The emergence of cancer cells within the body may not be a rare or
unusual event at all. Of the trillions of normal cells found in the body,
several hundred per day may be undergoing malignant degeneration in response to
the cancer-promoting stimuli. The immune system may possibly play a significant
role in halting the growth of these cells and preventing the development of
The concept of immune surveillance was initially put for-ward by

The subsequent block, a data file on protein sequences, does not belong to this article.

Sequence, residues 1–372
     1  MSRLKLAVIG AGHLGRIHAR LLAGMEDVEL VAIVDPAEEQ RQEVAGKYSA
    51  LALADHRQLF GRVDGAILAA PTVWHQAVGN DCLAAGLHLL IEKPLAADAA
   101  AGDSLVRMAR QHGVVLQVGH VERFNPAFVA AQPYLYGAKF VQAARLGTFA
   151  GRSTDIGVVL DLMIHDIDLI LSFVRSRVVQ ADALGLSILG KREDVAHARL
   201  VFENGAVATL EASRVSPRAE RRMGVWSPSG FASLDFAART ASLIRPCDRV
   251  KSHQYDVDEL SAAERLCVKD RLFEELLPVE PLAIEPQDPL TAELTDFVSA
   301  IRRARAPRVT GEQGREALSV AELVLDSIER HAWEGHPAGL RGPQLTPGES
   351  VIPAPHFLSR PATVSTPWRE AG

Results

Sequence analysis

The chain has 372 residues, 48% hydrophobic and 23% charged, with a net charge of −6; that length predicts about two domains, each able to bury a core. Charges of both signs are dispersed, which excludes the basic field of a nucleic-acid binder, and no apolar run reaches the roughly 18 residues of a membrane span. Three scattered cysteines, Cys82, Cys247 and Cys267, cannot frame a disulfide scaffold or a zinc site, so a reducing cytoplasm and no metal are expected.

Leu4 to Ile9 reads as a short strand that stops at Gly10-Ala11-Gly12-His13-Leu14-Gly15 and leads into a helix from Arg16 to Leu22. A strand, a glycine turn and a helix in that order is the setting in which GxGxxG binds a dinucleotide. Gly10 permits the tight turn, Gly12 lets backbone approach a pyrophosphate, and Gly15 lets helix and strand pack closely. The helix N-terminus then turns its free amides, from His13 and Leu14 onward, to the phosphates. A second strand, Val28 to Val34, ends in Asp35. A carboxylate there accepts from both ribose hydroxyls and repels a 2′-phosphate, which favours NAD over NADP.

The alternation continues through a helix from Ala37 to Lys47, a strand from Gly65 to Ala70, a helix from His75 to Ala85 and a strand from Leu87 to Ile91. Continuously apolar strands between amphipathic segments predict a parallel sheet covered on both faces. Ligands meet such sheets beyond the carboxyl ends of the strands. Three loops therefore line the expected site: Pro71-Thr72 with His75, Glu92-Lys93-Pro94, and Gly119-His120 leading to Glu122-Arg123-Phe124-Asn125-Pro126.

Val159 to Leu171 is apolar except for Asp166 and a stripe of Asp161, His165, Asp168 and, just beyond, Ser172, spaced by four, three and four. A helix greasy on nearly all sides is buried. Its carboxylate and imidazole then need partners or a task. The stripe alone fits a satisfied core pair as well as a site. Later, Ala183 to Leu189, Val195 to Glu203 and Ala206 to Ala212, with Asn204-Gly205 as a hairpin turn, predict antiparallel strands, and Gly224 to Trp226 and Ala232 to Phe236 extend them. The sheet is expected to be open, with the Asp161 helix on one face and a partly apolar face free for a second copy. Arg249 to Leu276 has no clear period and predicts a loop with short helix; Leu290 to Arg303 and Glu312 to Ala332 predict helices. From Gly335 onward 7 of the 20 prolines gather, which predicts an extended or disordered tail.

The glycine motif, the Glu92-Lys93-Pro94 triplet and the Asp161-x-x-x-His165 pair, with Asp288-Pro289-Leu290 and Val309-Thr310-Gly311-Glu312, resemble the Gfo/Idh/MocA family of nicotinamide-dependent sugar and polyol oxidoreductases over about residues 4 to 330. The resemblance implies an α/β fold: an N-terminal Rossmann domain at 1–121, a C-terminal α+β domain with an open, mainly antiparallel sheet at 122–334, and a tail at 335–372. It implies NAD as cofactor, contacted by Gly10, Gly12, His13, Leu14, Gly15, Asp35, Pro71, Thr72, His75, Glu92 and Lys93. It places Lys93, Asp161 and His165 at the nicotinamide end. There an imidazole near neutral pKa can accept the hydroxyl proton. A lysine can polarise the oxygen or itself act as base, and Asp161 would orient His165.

Ehrlich, and later on modified by Thomas and Burnet. Ehrlich first suggested
that though cancer cells frequently arise in the body, they are recognized as
foreign and eliminated. Later, Burnet postulated the immunosurveillance theory.
He suggested that the immune system routinely patrols the cells of the body and
upon recognition of a cell or a group of cells that has become cancerous
attempts to destroy them, thus pre-venting the growth of some tumors.